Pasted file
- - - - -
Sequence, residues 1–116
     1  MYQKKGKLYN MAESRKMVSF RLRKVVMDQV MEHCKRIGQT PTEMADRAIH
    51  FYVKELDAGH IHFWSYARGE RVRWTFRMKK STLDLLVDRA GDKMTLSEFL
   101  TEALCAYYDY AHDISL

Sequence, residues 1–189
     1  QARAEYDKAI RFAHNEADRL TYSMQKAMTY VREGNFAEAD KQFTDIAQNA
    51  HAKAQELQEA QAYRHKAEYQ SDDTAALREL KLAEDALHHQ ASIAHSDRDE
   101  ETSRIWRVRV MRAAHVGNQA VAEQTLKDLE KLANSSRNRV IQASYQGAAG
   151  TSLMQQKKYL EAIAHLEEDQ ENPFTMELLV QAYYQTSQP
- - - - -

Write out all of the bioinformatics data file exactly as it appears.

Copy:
Sequence, residues 1–116
     1  MYQKKGKLYN MAESRKMVSF RLRKVVMDQV MEHCKRIGQT PTEMADRAIH
    51  FYVKELDAGH IHFWSYARGE RVRWTFRMKK STLDLLVDRA GDKMTLSEFL
   101  TEALCAYYDY AHDISL

Sequence, residues 1–189
     1  QARAEYDKAI RFAHNEADRL TYSMQKAMTY VREGNFAEAD KQFTDIAQNA
    51  HAKAQELQEA QAYRHKAEYQ SDDTAALREL KLAEDALHHQ ASIAHSDRDE
   101  ETSRIWRVRV MRAAHVGNQA VAEQTLKDLE KLANSSRNRV IQASYQGAAG
   151  TSLMQQKKYL EAIAHLEEDQ ENPFTMELLV QAYYQTSQP